Then she decided she didn’t want that.
When the judge asked whether the photographs could affect potential interviews or testimony by witnesses, Harmon told her it was possible but did not object to the photographs.
Deputy Public Defender Patricia Mulligan, one of the attorneys who unsuccessfully argued for a gag order in the case, told Merritt she objected to Tersargyan being photographed.
Merritt chastised both sides for not bringing up the issue earlier, but then told Seib to immediately stop taking pictures and ordered him not to publish any of the images.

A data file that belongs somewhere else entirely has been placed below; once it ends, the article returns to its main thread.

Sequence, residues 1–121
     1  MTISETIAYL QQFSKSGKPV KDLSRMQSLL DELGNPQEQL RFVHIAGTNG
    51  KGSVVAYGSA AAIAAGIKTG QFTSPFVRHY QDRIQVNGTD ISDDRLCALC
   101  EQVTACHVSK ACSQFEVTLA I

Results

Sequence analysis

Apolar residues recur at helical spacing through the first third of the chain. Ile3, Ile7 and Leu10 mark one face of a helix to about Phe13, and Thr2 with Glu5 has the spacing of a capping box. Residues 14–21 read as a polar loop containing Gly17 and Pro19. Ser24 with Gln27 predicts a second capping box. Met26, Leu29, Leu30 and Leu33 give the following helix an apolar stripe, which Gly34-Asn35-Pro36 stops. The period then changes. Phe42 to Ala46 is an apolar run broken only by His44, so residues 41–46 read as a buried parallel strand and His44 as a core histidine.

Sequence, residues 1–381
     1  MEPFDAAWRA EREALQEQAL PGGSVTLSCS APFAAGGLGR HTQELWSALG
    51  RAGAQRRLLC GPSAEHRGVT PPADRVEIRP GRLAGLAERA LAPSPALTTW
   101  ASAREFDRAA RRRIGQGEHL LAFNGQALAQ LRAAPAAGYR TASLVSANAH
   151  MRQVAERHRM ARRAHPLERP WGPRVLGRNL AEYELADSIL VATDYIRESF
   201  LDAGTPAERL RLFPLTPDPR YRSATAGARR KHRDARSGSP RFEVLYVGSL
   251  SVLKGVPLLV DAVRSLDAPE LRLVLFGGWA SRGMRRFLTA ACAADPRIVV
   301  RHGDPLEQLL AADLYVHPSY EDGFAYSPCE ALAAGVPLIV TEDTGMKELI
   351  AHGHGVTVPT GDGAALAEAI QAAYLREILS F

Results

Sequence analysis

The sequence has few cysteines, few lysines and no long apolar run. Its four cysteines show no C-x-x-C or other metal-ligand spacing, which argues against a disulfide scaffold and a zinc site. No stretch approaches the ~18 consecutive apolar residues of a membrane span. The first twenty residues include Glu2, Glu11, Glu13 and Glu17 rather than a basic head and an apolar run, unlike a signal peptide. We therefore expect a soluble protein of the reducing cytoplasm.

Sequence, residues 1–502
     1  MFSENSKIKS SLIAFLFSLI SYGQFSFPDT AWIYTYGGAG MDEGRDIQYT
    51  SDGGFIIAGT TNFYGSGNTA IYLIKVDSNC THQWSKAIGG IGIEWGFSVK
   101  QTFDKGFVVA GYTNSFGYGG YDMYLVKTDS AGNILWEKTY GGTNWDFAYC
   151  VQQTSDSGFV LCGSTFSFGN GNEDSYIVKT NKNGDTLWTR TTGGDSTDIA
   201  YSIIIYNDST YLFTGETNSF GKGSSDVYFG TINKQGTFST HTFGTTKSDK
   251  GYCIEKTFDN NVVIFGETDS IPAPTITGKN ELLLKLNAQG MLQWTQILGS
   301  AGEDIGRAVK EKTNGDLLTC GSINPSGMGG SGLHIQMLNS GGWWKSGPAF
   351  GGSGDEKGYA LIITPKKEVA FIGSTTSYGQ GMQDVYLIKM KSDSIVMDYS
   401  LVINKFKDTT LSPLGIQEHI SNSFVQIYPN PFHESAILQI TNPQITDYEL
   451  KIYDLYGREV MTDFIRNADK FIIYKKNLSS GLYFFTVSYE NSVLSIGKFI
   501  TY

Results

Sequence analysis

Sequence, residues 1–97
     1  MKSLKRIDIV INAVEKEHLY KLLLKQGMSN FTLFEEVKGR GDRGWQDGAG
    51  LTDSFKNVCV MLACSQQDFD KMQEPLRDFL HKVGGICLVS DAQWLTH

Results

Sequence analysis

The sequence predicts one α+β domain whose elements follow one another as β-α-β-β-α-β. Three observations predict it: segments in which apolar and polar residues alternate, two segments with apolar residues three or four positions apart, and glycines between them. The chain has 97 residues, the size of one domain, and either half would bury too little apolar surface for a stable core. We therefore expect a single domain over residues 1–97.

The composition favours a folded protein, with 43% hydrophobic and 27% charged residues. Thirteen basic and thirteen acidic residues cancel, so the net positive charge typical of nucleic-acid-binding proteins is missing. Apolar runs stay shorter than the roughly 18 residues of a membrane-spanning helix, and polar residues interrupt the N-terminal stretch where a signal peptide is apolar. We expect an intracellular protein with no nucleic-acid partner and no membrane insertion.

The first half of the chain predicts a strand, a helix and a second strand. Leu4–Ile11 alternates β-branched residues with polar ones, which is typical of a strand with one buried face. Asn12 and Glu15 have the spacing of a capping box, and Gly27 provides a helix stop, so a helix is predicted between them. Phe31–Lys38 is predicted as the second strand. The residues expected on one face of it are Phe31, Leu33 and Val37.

Merritt would not comment on whether the ruling amounted to a prior restraint of the press in violation of 1st Amendment of the U.S. Constitution.
This is a very serious case regarded freedom of the press. However, Judge Merritt and Public Defender Mulligan? Mulligan as in a do-over?! If those were names in a fictional crime drama we’d say they’re contrived. And the only witness is a gambler named Charles DeFault. The defendant, John Evoldooer has eluded a guilty verdict twice, but court reporter Gabby Tappy plans to keep the record straight!
- San Diego Photojournalist Claims He Was Roughed Up at U.S.-Mexico Border
- Howard Bragman Chats with Magic Johnson's Outed Son
- Associated Press Removes the Term 'Illegal Immigrants' from its Lexicon--Draws Inevitable Conservative Blowback
- Angered by Proposed Health Plan, San Francisco Chronicle Staffers Staging Social Media Protest